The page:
Responsive Imagery

Before we start, take a deep breath and release. Feel better now? Great! Then let us begin our training into the dark magical arts of retina image enhancements. I should preface this by saying I will not be discussing anything app related as this discussion will be purely web based. You can refer to the links at the end of this article for more info on app UI design. Ready to dive in? Then let the training commence with a direct quote via Apple on the retina display.

Apple did something different: they increased the resolution without changing the physical size of the screen This makes for a higher pixel density, pixels are smaller and more tightly packed. In one square inch of the iPhone 4’s screen there are around 106 thousand pixels (at 326ppi, or pixels per Inch) while the older models have only about 26 thousand (at 163ppi) in an inch – 4 times less.

By developing pixels a mere 78 micrometers wide, Apple engineers were able to pack four times the number of pixels into the 3.5–inch (diagonal) screen found on iPhone 4S and iPhone 4. The resulting pixel density – 326ppi – makes text and graphics look smooth and continuous at any size. Retina displays offer four times the contrast ratio of previous displays, so whites are brighter,blacks are blacker and everything is more beautiful.
–Apple

iTechnical Specs

  • iPhone Retina

    960–by–640–pixel resolution at 326ppi

  • iPhone 3G

    320 x 480 163ppi

  • iPad Retina

    9.7–inch (diagonal) LED–backlit glossy widescreen Multi–Touch display with IPS technology
    2048–by–1536–pixel resolution at 264ppi

  • iPad2

    9.7–inch (diagonal) LED–backlit glossy widescreen Multi–Touch display with IPS technology
    1024–by–768–pixel resolution at 132ppi

Lets Discuss

Now that our technical portion of this discussion is complete we can proceed. As far as us Web Designers are concerned, when it comes to screen resolution (w x h), ppi don’t mean Jack (App UI designers on the other hand, ppi will matter tremendously). If you don’t believe me then by all means here is the proof in da puddin’.

The first three images (dribbble logo) below each possess varying resolutions (ppi) but keeping the same dimensions (w x h). This helps to prove ppi doesn’t matter with screens or any other web format (jpg,png,gif, etc.).

The Dribbble 148×148 / 2 logo in this debauchery will be our retina image research where the width and height are divided by 2 scaling the image down. The last and final dribble logo is scaled up from 148 x 148 by 200% using Photoshop. This image is then scaled back down once again in our markup to the original 148×148 dimensions.

Dribbble • 148 x 148 • 164ppi


148 x 148 at 164 pixels per inch. Wow what a ton of ppi you got there pal!

Dribbble • 148 x 148 • 96ppi


148 x 148 at 96 pixels per inch. A ton of ppi still, but not really seeing a huge difference. Maybe a color shift?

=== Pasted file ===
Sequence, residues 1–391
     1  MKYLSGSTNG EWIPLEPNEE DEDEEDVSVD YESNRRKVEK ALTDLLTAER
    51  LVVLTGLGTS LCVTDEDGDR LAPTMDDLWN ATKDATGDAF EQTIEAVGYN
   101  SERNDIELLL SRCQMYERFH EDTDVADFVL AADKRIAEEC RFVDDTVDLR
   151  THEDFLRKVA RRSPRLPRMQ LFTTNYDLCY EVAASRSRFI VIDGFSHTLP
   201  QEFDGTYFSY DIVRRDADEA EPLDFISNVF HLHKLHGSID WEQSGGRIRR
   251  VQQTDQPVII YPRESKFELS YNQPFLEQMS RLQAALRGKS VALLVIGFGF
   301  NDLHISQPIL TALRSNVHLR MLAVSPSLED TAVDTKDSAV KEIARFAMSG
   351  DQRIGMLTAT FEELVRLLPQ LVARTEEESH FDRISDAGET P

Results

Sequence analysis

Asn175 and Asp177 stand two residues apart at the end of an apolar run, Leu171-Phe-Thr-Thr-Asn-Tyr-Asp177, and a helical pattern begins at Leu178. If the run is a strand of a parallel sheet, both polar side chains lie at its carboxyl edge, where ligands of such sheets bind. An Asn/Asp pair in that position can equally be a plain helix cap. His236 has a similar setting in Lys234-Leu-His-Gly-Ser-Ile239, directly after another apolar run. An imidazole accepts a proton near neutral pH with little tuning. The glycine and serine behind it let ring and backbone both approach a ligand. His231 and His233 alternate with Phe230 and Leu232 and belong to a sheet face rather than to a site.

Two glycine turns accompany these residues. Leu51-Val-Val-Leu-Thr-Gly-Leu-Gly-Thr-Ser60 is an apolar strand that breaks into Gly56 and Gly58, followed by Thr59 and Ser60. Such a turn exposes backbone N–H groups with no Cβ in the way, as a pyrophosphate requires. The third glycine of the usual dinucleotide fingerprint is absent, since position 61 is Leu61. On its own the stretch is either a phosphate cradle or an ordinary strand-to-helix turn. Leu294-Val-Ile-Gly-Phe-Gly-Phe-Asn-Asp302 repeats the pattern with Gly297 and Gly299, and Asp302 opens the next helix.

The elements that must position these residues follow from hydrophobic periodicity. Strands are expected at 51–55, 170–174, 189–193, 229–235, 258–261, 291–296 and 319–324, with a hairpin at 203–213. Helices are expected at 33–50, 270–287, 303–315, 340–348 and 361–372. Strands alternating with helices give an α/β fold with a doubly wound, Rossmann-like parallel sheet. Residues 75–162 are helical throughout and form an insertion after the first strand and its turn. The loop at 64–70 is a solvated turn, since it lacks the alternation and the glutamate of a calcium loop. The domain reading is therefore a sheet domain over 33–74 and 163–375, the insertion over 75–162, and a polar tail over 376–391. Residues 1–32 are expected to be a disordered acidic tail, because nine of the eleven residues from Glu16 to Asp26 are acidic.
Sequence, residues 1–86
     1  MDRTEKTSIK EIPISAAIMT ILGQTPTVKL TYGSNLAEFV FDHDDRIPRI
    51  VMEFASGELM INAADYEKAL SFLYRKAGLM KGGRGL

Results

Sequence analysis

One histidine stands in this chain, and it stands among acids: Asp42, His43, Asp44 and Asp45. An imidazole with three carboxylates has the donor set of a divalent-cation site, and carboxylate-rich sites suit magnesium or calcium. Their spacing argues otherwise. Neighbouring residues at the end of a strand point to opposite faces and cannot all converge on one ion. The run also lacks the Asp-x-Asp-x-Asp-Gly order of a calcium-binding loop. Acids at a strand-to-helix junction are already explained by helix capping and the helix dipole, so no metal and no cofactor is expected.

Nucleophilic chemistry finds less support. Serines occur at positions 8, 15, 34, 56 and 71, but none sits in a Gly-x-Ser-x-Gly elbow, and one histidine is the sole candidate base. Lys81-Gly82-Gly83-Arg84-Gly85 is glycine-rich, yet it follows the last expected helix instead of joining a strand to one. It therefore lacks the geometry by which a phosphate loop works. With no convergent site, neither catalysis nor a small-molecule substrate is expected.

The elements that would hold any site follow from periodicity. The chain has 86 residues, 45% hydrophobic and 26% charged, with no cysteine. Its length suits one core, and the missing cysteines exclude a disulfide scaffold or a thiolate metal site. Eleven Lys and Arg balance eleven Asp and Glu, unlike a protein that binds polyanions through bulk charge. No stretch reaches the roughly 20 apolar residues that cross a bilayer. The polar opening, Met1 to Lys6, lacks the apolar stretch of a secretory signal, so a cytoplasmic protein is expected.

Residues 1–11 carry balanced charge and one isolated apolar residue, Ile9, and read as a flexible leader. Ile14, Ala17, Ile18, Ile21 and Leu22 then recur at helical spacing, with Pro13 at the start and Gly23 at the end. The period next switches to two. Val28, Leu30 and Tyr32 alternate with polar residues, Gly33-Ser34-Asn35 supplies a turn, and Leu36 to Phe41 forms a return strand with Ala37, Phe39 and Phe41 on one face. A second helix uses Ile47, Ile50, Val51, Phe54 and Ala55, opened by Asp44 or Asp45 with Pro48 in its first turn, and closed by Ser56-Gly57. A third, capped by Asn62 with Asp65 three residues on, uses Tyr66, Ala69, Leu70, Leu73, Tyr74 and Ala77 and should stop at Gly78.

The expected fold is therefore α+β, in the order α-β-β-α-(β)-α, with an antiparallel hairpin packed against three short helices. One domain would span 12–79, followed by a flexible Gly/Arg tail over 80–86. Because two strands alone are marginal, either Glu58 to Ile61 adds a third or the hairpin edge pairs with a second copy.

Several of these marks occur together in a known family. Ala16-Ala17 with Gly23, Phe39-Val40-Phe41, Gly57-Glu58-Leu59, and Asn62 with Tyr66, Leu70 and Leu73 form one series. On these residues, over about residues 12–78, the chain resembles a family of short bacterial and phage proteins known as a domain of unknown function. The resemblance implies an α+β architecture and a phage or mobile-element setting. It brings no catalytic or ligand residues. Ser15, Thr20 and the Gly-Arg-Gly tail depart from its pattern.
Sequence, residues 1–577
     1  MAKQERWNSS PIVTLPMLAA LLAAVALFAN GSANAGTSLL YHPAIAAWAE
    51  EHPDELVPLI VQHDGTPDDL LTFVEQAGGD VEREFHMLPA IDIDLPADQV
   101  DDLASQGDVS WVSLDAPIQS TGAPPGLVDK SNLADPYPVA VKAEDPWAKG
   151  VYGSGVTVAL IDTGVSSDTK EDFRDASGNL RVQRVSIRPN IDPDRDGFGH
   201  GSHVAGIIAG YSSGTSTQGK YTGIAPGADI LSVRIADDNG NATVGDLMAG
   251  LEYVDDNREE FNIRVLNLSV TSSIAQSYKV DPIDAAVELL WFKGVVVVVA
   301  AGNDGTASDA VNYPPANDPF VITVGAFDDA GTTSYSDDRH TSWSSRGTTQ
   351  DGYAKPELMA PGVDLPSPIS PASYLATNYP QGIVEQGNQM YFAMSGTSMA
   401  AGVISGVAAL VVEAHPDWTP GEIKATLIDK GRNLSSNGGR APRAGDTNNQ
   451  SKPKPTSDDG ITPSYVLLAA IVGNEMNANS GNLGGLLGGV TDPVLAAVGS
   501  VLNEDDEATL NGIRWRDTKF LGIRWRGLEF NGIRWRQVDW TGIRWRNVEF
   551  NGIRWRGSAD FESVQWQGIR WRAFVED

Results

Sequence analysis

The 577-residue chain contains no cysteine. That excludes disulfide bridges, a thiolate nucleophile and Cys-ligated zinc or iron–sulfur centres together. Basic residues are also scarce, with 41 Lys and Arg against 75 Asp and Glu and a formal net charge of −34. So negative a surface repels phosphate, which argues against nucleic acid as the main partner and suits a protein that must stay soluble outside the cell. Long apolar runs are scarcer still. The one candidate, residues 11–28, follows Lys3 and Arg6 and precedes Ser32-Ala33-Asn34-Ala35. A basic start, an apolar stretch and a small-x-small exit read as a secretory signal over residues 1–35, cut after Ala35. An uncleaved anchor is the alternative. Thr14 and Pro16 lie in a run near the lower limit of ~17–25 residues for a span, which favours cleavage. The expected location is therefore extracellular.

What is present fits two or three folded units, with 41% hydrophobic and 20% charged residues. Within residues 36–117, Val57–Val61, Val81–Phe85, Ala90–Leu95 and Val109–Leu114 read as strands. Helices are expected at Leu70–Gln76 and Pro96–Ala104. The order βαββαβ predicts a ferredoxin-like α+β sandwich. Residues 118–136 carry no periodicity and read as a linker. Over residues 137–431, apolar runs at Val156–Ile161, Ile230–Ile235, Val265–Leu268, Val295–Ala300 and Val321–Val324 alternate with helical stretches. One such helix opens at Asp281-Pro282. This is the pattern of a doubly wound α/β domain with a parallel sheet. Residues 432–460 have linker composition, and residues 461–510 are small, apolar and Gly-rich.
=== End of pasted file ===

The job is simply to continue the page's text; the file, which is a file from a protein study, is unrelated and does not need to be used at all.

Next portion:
Dribbble • 148 x 148 • 72ppi


148 x 148 at 72 pixels per inch. Are you seeing a difference yet? No? That’s what I thought

Dribbble • 148×148/2


74 x 74 at 72 pixels per inch. In CSS this would be @media screen and (device-pixel-ratio: 2) using background-images instead of <img> tags

Dribbble • Scaled 200%


Scaled up 200% from our original image of 148 x 148 at 72 pixels per inch. Also re–sized in our markup to 148 x 148. In Photoshop this would be the following steps…

  1. Select “Image Size” from the top menu of photoshop
  2. Instead of pixels for our width and height we select percent and scale up to 200 in the text box
  3. Check the box “scale styles”
  4. For the “re–sampling” option choose “Nearest Neighbor”


Retina with Photography

Lets take a look at the other side of the coin using photography(jpg) as our base.

Image 1 • 729 x 582 • 264ppi


729 x 582 264ppi 511.5KB(native) saved to disk 295KB – jpeg progressive

Image 2 • 365 x 236 • 264ppi


365 x 236 264ppi 511.5KB(native) saved to disk 130KB – jpeg progressive

Image 3 • 1458 x 942 • 72ppi (scaled 200% from 729 x 582)


1458 x 942 72ppi 3.93M(native) saved to disk 409.2KB – jpeg progressive. Scaled back down to 729 x 582 in our markup

Image 4 • 729 x 582 • 72ppi


729 x 582 72ppi with no scaling whatsoever

Summing it up

As you can see, “ppi” doesn’t mean squat unless you’re in the print world Charlie. Lets face it, a 300ppi image – sent over the wire (especially 3G)– is a nightmare that sends users running for the hills in search of that great and wonderful site next door. Beep! Beep! This however does mean that we have reached a point where screens are better than the actual printed surface. That’s right! Screen surfaces have now been pushed beyond their old capabilities and dipped themselves into a print like bath.

Here is a quick tweet from Edward Cant of Optic Swerve

What Ed’s actually suggesting is;

The source image needs to be twice the width/height in order to be scaled back down. The pixels per inch of a saved image makes absolutely no difference in a web browser….or even in png. The first 3 dribble logos are the same size and as a result would look identical on a retina display other than the discoloration which is probably a result of the saving process.

For example, if you’re image was 148px x 148px then we would double the dimensions to 296px x 296px and scale back in our CSS to the original 148px x 148px image.

If you need a way to test for HiDPI on your desktop then pay attention closely. To enable HiDPI on desktop requires a little knowledge of the right application to open. I stumbled upon this video link from Mathias on Twitter. Watch the video posted below for the rest of the story.

If you want to tell me I’m all wrong in my studies so far then please do so and lets discuss your retina enhancement technique research further. In the meantime here are some other helpful links to get you started.

Links, Glorious Links

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  1. John Doe shouted this comment preview:
    2012/03/27